If you’ve walked through Bandra, you’ve most likely seen the ‘I am Bandra’ and ‘We are the world’ art installations. Tyrell Valladares is the artist responsible for those very same wonderful installations. Tyrell’s most recent street art project was the beautification of the bomanji steps in Bandra that leads up to the Mount Mary Church. Thousands were caught in awe of the beautiful mosaic installation, as the two adjoining steps became the perfect spot to portray elements of opposite designs on it. The project started with just four people and went on to add another 10 people to finish the work in the stipulated time. The beautification project of the steps was supported by Rahul Kanal, the founder of the ‘I Love Mumbai’ Foundation.
On the right hand steps, Tyrell designed a hand that is reaching up for the moon in the night sky, and on the left hand steps is hand that is reaching down towards the rising sun. It took him five days to finish the mosaic detailing of the right hand steps, after which he had only two more days to complete the other side. “I’d start work at 9 am with a team of workers and we’d go on until the wee hours of the morning. After the other workers left, my coworker at Metalhead, Stefan Pereira and I would stay back to draw outlines of the design to prepare for the next day. One of the days, I think it was the 9th of September, it started raining very heavily and our work came to a standstill. I was very concerned about being able to deliver on time and kept checking the weather app to see when it would clear up, so my team could continue to work,” he recalls.
Tyrell Valladares drew inspiration from his fascination for opposites, and the night sky, which became the theme of his design on the steps. As a child he was always fascinated by street art and graffiti, and loved to play with different shades and bright and dark colours. Besides, he always found himself surrounded by art and creativity since his childhood, as Tyrell’s mother, father and sister are artists themselves. He quit his lucrative job as a flight purser when he found what he truly enjoys. Being in the aviation industry for over eight years exposed him to all types of art and culture from across the globe, which he wanted to bring to Mumbai.
His first big break came in Jan 2013 when Nike approached him to create the Indian Cricket Team jersey, a 20×16 foot structure that was made out of gears and sprockets (4000 pieces), and was displayed at the Kala Ghoda Art Festival (2013). “The project I did for Nike is very close to my heart; it gave me the opportunity and much needed boost that I needed as an artist, to work on a project on such a large scale. I wasn’t a recognized artist at that time, so it was a challenging task for me to enter the industry without any prior experience. It was a major achievement when a brand like Nike put their faith in me,” says Tyrell, who has also worked with brands like Adidas, Google, MTV, and Johnnie Walker. Tyrell recalls how he had to forage in the scrapyards with cash in his pockets while searching for sprockets and gears for the Nike art installation.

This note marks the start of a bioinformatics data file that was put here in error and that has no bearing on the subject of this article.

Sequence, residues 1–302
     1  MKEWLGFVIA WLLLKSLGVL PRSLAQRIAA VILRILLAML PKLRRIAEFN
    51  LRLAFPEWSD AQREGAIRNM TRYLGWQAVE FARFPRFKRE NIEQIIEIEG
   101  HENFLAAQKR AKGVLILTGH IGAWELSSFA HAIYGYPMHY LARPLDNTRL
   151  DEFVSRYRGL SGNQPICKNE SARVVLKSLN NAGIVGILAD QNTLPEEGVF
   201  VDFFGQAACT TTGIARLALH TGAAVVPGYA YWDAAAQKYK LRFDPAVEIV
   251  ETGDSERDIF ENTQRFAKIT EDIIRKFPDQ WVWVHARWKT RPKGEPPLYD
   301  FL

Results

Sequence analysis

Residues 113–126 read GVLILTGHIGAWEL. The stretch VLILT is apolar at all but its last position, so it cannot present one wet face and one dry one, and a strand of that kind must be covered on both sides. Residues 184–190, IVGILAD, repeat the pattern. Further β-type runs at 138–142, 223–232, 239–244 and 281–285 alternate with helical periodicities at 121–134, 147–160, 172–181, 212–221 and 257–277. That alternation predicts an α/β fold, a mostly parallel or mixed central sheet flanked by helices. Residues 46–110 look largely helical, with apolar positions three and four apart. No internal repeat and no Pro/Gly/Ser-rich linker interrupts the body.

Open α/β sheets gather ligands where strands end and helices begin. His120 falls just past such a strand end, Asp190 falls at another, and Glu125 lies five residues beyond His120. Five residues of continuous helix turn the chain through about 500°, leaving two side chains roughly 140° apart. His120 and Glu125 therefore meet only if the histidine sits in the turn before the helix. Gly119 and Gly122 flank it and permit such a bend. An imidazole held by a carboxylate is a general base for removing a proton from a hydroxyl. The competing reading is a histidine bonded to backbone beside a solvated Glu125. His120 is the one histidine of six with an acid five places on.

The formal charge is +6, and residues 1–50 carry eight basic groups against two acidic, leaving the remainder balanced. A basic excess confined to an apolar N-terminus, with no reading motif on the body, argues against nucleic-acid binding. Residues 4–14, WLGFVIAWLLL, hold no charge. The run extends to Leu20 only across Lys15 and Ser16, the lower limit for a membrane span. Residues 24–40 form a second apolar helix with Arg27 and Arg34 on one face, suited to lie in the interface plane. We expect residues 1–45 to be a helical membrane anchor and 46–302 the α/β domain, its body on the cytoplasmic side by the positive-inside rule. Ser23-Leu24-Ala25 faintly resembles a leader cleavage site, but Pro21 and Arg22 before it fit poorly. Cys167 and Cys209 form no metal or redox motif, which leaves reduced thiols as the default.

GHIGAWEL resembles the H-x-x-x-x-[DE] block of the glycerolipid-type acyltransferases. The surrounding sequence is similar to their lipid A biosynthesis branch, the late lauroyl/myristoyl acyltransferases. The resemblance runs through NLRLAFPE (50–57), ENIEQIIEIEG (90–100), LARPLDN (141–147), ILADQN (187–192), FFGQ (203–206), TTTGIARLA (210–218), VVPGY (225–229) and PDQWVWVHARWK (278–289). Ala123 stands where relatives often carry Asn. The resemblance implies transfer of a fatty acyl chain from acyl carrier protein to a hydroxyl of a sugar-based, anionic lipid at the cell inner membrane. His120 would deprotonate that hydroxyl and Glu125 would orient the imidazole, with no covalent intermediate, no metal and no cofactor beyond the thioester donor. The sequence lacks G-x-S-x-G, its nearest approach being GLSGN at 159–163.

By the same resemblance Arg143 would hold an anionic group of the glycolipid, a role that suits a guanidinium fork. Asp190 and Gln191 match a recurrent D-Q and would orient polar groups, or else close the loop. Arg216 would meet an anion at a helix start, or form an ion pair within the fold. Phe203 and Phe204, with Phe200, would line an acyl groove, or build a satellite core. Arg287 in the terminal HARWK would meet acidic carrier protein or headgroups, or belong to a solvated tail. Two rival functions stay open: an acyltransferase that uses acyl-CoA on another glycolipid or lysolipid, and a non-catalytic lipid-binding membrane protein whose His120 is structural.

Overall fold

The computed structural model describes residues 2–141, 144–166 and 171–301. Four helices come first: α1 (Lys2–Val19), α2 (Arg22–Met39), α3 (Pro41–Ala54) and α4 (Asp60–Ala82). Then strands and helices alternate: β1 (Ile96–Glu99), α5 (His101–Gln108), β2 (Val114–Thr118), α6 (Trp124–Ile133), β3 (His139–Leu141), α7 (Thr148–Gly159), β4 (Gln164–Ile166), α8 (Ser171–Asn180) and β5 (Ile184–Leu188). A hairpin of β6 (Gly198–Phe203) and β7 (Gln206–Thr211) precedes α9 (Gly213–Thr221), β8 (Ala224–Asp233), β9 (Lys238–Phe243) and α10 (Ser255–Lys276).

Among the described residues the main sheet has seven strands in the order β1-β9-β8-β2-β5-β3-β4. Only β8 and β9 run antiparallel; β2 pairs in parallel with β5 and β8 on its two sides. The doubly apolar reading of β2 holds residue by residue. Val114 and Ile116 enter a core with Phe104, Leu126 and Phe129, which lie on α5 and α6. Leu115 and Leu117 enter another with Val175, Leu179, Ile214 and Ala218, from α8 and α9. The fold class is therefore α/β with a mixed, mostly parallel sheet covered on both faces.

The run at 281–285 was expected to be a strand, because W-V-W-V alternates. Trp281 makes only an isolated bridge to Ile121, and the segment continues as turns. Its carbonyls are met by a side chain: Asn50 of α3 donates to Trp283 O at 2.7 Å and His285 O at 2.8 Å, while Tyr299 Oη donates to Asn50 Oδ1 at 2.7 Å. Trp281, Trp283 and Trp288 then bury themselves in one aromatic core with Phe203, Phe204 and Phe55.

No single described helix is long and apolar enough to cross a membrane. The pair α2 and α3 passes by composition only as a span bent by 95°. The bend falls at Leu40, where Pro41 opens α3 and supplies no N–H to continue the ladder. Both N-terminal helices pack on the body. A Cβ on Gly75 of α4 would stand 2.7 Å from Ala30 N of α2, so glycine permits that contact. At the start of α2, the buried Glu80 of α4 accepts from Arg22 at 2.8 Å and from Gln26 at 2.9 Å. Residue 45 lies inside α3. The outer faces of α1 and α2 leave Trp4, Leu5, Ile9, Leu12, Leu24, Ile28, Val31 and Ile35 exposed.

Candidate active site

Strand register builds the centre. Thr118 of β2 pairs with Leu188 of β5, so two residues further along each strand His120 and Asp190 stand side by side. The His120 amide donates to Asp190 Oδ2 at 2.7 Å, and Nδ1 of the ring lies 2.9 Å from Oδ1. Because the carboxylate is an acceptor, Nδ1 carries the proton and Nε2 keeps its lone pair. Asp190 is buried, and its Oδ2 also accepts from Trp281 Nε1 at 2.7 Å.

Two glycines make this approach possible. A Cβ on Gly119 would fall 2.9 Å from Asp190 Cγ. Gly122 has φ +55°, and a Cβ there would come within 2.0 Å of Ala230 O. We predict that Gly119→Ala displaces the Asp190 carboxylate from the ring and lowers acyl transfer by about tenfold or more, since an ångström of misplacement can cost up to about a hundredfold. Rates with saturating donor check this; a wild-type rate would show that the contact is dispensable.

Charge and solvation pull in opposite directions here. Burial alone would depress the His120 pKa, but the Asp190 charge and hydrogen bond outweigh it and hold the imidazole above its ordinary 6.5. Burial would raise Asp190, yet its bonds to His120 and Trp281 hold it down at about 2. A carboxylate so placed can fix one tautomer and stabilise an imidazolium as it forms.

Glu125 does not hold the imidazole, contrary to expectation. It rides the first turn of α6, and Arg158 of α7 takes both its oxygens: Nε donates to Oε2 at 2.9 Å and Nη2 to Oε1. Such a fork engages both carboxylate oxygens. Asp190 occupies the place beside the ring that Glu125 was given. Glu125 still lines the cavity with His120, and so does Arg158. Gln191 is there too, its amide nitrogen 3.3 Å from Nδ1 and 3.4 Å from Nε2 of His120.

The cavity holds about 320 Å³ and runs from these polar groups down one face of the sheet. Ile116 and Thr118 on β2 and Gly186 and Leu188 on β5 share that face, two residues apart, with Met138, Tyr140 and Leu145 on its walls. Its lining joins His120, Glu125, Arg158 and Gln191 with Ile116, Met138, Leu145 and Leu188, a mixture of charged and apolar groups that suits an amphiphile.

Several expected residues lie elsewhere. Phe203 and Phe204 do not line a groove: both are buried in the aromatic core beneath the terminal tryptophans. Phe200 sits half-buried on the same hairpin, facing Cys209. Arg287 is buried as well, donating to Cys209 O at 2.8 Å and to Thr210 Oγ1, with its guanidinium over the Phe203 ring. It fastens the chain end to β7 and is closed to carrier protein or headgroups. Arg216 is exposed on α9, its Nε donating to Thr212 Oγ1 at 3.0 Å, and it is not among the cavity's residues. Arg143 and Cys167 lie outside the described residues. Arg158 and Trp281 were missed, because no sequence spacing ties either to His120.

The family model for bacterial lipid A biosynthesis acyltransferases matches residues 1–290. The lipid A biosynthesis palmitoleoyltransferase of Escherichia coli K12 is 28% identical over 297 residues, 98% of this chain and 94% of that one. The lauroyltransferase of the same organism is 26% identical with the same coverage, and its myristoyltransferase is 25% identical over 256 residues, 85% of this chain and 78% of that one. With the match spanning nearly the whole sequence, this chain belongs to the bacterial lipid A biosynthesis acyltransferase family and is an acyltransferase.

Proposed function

The Nike project gave Tyrell the confidence take his career one step further by starting his own company that creates structures made out of metal. The company is called ‘Metal Head’, and started in 2013. Metal is not easy to handle or work with, and he realized this the hard way, early on. “I burnt my head and face and injured my legs a few times while welding the metal. To understand how to use a grinder was a process, which I failed at many times until I finally got it. Getting the right shape and size while melting the metals also took its time.” Metal, fibre, glass, wood, aluminium are the few materials that he loves to play around with. More often than not, you will find Tyrell scouring through the scrapyards in Mumbai. Scrapyards in Bandra are where he finds metal rods and pipes, Kurla is for car parts, and CST is for bike parts. So if he isn’t in a scrapyard, he’s welding scrap in his workshop. “When I’m in a scrapyard, I’m like a kid in a candy shop,” he chuckles. He recalls a hilarious incident when he accidentally trespassed a scrapyard. When he saw all the scrap available there, he started going through it enthusiastically. “The next thing I knew was that the owner, along with some workers were standing behind me with bamboo sticks and rods in their hands. I had to explain myself in detail, and profusely apologize for trespassing,” recalls Tyrell with a laugh.
All the artwork that has been produced by Metal Head is the brainchild of Tyrell. Apart from the support and assistance he gets from Stefan Pereira, he prefers not to have permanent employees, because his work is project based and periodical. One of the biggest troubles he faces in this industry is that of timely payments. There have been multiple occasions where he has had to wait for six months to a year to receive his payment for a project.
As far as plans for the future go, Tyrell hopes to take Metal Head to cities such as Delhi and Goa in the near future. We still hope he will continue to beautify Mumbai the way he does.